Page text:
Range expressions are formed with `rangeTo`

functions that have the operator form `..`

which is complemented by *in* and *!in*. Range is defined for any comparable type, but for integral primitive types it has an optimized implementation. Here are some examples of using ranges:

if (i in 1..10) { // equivalent of 1 <= i && i <= 10 println(i) }

Integral type ranges (`IntRange`

, `LongRange`

, `CharRange`

) have an extra feature: they can be iterated over. The compiler takes care of converting this analogously to Java's indexed *for*-loop, without extra overhead:

for (i in 1..4) print(i) // prints "1234" for (i in 4..1) print(i) // prints nothing

What if you want to iterate over numbers in reverse order? It's simple. You can use the `downTo()`

function defined in the standard library:

for (i in 4 downTo 1) print(i) // prints "4321"

Is it possible to iterate over numbers with arbitrary step, not equal to 1? Sure, the `step()`

function will help you:

for (i in 1..4 step 2) print(i) // prints "13" for (i in 4 downTo 1 step 2) print(i) // prints "42"

To create a range which does not include its end element, you can use the `until`

function:

for (i in 1 until 10) { // i in [1, 10), 10 is excluded println(i) }

Ranges implement a common interface in the library: `ClosedRange<T>`

.

`ClosedRange<T>`

denotes a closed interval in the mathematical sense, defined for comparable types. It has two endpoints: `start`

and `endInclusive`

, which are included in the range. The main operation is `contains`

, usually used in the form of *in*/*!in* operators.

Integral type progressions (`IntProgression`

, `LongProgression`

, `CharProgression`

) denote an arithmetic progression. Progressions are defined by the `first`

element, the `last`

element and a non-zero `step`

. The first element is `first`

, subsequent elements are the previous element plus `step`

. The `last`

element is always hit by iteration unless the progression is empty.

A progression is a subtype of `Iterable<N>`

, where `N`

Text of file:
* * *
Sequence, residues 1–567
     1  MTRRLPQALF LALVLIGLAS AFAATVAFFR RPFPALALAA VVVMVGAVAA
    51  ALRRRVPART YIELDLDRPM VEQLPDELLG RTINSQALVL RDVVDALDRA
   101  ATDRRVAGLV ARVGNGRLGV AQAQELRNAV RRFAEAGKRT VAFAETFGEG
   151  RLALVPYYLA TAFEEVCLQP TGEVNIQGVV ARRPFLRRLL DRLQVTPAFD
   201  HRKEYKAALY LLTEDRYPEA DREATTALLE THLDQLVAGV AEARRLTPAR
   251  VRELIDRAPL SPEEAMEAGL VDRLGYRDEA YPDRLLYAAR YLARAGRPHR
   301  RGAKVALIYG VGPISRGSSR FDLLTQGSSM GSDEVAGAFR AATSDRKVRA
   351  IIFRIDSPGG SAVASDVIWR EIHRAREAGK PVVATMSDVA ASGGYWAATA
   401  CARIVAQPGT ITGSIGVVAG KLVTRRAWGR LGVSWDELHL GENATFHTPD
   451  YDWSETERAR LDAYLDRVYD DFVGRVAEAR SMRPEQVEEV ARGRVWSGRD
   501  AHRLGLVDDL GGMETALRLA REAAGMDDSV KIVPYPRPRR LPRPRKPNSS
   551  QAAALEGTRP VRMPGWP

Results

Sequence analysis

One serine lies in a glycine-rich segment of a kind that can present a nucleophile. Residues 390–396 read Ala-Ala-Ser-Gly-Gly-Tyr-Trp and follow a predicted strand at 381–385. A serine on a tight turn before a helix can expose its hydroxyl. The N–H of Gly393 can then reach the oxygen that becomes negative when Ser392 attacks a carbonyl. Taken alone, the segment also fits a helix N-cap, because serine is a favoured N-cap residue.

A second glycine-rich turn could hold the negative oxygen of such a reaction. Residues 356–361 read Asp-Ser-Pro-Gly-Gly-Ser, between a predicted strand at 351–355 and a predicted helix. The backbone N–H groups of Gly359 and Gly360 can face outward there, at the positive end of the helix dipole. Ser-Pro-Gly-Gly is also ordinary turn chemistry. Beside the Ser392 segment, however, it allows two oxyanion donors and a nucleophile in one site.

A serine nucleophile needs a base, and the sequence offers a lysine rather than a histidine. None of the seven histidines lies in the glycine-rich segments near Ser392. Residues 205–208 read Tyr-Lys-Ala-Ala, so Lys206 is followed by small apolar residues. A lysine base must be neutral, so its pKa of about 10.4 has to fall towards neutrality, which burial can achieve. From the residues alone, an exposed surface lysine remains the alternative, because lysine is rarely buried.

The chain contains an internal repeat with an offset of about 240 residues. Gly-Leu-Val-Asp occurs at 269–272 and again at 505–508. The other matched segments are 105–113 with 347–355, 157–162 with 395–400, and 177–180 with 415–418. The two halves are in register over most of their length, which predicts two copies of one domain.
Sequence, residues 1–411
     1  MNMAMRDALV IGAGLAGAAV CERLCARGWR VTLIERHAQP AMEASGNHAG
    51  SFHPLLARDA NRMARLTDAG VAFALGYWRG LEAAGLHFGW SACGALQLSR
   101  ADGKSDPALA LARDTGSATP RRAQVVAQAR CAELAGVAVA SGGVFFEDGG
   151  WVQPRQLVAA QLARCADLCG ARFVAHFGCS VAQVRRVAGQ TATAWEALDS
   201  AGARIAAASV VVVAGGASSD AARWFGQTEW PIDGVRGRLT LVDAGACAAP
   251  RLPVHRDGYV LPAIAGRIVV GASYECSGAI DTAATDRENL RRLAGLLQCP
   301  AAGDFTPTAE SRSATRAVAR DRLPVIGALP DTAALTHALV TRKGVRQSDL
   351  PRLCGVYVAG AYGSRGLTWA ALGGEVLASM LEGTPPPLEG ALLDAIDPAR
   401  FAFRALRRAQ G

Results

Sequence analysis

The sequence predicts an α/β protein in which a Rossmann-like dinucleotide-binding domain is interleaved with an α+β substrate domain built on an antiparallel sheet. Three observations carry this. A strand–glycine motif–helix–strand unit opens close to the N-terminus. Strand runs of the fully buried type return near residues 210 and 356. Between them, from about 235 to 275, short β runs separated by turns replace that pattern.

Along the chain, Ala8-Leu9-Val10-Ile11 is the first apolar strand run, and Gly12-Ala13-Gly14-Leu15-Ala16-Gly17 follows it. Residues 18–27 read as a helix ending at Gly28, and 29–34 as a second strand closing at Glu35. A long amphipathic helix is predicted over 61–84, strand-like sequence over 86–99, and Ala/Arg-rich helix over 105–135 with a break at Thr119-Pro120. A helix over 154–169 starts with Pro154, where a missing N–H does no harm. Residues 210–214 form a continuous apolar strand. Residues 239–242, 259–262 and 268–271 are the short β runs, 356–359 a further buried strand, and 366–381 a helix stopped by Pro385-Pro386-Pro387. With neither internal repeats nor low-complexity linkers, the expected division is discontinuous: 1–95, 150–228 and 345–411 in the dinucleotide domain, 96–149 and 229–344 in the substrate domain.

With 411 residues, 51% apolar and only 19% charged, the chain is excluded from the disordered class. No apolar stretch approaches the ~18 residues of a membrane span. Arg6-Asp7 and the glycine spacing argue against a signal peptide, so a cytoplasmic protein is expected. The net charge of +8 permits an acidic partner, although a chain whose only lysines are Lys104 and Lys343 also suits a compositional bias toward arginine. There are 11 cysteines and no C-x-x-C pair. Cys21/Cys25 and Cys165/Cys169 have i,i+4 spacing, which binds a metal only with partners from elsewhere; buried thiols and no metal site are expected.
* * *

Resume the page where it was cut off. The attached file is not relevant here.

is `Int`

, `Long`

or `Char`

respectively, so it can be used in *for*-loops and functions like `map`

, `filter`

, etc. Iteration over `Progression`

is equivalent to an indexed *for*-loop in Java/JavaScript:

for (int i = first; i != last; i += step) { // ... }

For integral types, the `..`

operator creates an object which implements both `ClosedRange<T>`

and `*Progression`

. For example, `IntRange`

implements `ClosedRange<Int>`

and extends `IntProgression`

, thus all operations defined for `IntProgression`

are available for `IntRange`

as well. The result of the `downTo()`

and `step()`

functions is always a `*Progression`

.

Progressions are constructed with the `fromClosedRange`

function defined in their companion objects:

IntProgression.fromClosedRange(start, end, step)

The `last`

element of the progression is calculated to find maximum value not greater than the `end`

value for positive `step`

or minimum value not less than the `end`

value for negative `step`

such that `(last - first) % step == 0`

.

`rangeTo()`

The `rangeTo()`

operators on integral types simply call the constructors of `*Range`

classes, e.g.:

class Int { //... operator fun rangeTo(other: Long): LongRange = LongRange(this, other) //... operator fun rangeTo(other: Int): IntRange = IntRange(this, other) //... }

Floating point numbers (`Double`

, `Float`

) do not define their `rangeTo`

operator, and the one provided by the standard library for generic `Comparable`

types is used instead:

public operator fun <T: Comparable<T>> T.rangeTo(that: T): ClosedRange<T>

The range returned by this function cannot be used for iteration.

`downTo()`

The `downTo()`

extension function is defined for any pair of integral types, here are two examples:

fun Long.downTo(other: Int): LongProgression { return LongProgression.fromClosedRange(this, other.toLong(), -1L) } fun Byte.downTo(other: Int): IntProgression { return IntProgression.fromClosedRange(this.toInt(), other, -1) }

`reversed()`

The `reversed()`

extension functions are defined for each `*Progression`

classes, and all of them return reversed progressions:

fun IntProgression.reversed(): IntProgression { return IntProgression.fromClosedRange(last, first, -step) }

`step()`

`step()`

extension functions are defined for `*Progression`

classes, all of them return progressions with modified `step`

values (function parameter). The step value is required to be always positive, therefore this function never changes the direction of iteration:

fun IntProgression.step(step: Int): IntProgression { if (step <= 0) throw IllegalArgumentException("Step must be positive, was: $step") return IntProgression.fromClosedRange(first, last, if (this.step > 0) step else -step) } fun CharProgression.step(step: Int): CharProgression { if (step <= 0) throw IllegalArgumentException("Step must be positive, was: $step") return CharProgression.fromClosedRange(first, last, if (this.step > 0) step else -step) }

Note that the `last`

value of the returned progression may become different from the `last`

value of the original progression in order to preserve the invariant `(last - first) % step == 0`

. Here is an example:

(1..12 step 2).last == 11 // progression with values [1, 3, 5, 7, 9, 11] (1..12 step 3).last == 10 // progression with values [1, 4, 7, 10] (1..12 step 4).last == 9 // progression with values [1, 5, 9]

© 2010–2018 JetBrains s.r.o.

Licensed under the Apache License, Version 2.0.

https://kotlinlang.org/docs/reference/ranges.html